Judges disapproved and said Grace had lost her edge. Going into Wednesday's show, she said she felt she would be in the bottom three among viewer votes, but didn't expect to be last.
When she was, she had one last chance to sing for the judges and change their minds. This time, her "Jolene" did sound bluesier, but Grace said that wasn't on purpose. "That was just what I was feeling."
She cried backstage, then went back to the "Idol" mansion "and packed all my bags and packed my 30 pairs of shoes."
It was the second straight year that a woman with a bluesy voice finished 11th, just missing a chance to tour with the top 10. Last year, it was Amanda Overmyer.
The difference is that Grace simply doesn't look the part. Just under 5-foot and 100 pounds, she initially surprised judges with her voice. "It was, 'You don't look like you can sing like that,'" she said.
On their suggestion, she changed to a hip look, including pink highlights in her hair. The color may change, she said, "but I'll definitely keep the edgy look."
The rest is indefinite. She'll go back to Memphis, where her boyfriend and her daughter are. She hopes to sing there and do some recording, with a style that's "Joss Stone mixed with Carrie Underwood and with Sheryl Crow."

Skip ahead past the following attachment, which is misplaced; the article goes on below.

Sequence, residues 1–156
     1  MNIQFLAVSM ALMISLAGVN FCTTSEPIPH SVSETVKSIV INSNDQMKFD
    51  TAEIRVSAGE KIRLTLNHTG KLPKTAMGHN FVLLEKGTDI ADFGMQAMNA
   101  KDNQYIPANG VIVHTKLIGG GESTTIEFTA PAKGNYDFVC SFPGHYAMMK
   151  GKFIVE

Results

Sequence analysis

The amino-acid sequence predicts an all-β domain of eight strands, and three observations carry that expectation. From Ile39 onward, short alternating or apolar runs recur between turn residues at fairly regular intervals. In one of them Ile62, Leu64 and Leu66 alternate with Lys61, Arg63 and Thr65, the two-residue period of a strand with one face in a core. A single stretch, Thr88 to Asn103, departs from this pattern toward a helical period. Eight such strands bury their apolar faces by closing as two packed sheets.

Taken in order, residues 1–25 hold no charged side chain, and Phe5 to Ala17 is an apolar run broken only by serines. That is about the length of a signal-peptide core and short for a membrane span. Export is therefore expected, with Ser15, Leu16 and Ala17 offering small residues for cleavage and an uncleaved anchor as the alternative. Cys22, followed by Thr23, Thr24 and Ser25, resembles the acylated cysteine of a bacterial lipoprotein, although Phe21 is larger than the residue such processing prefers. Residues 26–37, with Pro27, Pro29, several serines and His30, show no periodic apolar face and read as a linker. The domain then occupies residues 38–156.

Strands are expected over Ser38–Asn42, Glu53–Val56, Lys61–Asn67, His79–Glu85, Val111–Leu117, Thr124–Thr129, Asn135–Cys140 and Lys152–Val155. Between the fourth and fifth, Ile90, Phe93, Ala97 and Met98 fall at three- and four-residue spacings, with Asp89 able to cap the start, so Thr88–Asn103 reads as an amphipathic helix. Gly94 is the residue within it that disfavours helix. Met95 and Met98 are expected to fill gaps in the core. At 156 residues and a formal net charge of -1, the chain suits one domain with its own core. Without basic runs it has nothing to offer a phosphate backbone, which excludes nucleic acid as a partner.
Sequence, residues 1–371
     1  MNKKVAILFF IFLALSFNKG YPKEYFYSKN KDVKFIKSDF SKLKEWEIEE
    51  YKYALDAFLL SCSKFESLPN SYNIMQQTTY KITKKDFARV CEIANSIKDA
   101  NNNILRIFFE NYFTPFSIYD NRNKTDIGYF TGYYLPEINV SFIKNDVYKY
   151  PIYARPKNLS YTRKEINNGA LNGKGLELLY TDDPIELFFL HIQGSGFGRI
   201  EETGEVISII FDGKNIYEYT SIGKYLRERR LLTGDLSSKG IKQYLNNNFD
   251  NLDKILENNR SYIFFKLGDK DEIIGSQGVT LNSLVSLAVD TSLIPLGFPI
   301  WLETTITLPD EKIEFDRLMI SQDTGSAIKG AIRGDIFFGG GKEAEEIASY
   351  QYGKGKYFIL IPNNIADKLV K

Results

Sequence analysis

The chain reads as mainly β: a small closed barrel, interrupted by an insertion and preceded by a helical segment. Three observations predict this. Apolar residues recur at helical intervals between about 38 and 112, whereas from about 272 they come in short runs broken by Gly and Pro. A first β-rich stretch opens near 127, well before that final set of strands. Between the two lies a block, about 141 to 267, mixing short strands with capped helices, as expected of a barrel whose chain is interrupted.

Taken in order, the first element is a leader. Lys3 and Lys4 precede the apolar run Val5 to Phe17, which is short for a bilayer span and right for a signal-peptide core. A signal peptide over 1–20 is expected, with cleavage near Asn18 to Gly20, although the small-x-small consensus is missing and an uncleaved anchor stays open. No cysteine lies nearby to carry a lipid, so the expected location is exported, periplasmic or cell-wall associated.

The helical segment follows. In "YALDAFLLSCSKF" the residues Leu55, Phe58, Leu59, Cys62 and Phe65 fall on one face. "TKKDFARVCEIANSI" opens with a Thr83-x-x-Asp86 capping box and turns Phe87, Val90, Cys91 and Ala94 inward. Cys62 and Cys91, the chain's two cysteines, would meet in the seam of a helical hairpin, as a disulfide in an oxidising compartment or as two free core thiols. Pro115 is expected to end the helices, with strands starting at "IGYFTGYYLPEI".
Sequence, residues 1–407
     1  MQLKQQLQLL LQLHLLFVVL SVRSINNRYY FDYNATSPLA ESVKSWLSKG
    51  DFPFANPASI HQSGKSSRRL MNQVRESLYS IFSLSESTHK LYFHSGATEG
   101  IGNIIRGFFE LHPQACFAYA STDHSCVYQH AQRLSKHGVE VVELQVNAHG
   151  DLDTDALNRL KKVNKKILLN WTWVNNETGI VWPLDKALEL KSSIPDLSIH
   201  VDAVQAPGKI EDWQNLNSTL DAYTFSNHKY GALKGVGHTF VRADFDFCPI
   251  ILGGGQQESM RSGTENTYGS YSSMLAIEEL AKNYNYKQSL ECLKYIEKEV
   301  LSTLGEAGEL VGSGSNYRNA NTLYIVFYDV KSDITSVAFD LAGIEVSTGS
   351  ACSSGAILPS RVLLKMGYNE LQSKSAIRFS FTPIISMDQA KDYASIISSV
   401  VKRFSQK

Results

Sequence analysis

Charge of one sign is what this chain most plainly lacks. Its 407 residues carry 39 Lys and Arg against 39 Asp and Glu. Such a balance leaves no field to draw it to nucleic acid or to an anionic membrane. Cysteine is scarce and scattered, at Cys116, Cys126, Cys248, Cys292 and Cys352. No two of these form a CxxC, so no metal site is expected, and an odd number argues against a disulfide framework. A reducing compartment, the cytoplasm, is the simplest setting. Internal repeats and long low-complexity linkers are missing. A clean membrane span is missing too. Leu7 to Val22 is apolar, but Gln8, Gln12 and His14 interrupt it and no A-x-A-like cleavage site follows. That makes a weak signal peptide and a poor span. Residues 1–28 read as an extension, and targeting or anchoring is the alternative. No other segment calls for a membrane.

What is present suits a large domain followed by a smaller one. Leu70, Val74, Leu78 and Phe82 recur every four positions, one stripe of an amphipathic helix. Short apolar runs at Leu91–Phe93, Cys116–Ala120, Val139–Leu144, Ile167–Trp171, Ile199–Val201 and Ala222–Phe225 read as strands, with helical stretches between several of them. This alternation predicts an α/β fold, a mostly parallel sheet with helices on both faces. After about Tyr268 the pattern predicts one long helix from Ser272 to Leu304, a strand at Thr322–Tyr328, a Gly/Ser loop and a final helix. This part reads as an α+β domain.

Too much of a good thing

Life seems to know only two modes -- nothing to do and way, way too much to do.

Right now, we're in that second phase in Lansing, Mich., when three basketball tournaments and a film festival collide. First, two notes:

1) If you don't live near Lansing, please bear with me; this particular blog is local. I'll be back to "American Idol" and such soon.

2) If you do live around here, things still aren't over. Coming up:

-- Another game in the women's NCAA tournament, Tuesday (March 24) at the Breslin Center, this time with Michigan State University playing powerhouse Duke. Despite zillion-to-one odds against MSU, it will be fun; Sunday's game was.